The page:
Locomotion is one of the most complex motor behaviors. Locomotor patterns change during early life,
reflecting development of numerous peripheral and hierarchically organized central structures. Among them, the
spinal cord is of particular interest since it houses the central pattern generator (CPG) for locomotion. This main
command center is capable of eliciting and coordinating complex series of rhythmic neural signals sent to motoneurons
and to corresponding target-muscles for basic locomotor activity. For a long-time, the CPG has been
considered a black box. In recent years, complementary insights from in vitro and in vivo animal models have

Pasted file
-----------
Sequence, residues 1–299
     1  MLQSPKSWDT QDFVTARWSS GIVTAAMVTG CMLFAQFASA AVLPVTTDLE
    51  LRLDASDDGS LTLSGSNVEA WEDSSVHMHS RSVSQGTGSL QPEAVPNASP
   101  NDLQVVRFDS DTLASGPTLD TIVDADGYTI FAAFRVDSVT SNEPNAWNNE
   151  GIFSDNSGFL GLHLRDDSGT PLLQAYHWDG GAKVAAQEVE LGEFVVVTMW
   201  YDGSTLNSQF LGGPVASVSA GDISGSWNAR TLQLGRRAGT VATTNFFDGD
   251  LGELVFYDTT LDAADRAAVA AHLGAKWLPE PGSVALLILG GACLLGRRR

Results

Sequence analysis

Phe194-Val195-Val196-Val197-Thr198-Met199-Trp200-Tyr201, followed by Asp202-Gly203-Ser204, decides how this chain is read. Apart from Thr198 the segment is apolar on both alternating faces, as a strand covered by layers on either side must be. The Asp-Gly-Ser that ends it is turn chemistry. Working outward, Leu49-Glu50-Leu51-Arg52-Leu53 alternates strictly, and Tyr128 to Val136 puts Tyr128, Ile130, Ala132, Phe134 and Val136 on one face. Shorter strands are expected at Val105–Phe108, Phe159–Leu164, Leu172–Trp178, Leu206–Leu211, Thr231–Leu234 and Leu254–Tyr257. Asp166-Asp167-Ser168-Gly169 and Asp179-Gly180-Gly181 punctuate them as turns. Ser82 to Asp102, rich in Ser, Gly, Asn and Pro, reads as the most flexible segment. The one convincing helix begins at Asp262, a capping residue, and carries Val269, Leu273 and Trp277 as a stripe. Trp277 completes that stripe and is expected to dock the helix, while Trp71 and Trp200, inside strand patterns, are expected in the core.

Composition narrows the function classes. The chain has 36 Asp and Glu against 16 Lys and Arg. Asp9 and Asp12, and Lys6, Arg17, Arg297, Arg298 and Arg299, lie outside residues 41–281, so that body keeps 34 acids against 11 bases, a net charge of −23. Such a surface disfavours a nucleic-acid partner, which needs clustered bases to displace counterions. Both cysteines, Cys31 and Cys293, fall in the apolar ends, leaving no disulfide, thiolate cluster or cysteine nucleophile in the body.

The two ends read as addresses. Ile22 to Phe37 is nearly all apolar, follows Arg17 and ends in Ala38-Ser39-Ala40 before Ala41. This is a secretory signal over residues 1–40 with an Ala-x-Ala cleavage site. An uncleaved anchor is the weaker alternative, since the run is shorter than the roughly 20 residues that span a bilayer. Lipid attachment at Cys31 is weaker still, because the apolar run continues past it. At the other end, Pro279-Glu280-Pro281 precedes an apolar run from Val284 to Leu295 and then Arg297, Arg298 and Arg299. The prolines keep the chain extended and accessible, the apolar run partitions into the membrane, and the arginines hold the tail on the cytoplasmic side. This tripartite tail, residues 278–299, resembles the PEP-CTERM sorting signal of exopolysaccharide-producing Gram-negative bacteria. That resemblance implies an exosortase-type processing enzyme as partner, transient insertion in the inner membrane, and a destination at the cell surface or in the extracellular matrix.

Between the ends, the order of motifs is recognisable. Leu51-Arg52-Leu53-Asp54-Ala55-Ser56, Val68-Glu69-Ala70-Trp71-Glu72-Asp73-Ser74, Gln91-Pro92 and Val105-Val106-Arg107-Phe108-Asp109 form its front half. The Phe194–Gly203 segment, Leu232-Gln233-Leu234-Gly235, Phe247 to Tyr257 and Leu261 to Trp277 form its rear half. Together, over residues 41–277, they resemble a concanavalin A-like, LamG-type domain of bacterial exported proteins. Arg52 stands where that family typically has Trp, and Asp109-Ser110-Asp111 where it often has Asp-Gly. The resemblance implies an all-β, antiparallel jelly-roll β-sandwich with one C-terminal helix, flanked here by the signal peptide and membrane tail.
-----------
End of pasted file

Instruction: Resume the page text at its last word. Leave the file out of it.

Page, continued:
contributed significantly to a better understanding of its constituents, properties and ways to recover locomotion
after a spinal cord injury (SCI). This review discusses key findings made by comparing the results of in vitro
isolated spinal cord preparations and spinal-transected in vivo models from neonatal animals. Pharmacological,
electrical, and sensory stimulation approaches largely used to further understand CPG function may also soon
become therapeutic tools for potent CPG reactivation and locomotor movement induction in persons with SCI or
developmental neuromuscular disorder.
Keywords: Development, spinal networks, electrical stimulation, pharmacology, sensory stimulation, electrophysiology, behavior.
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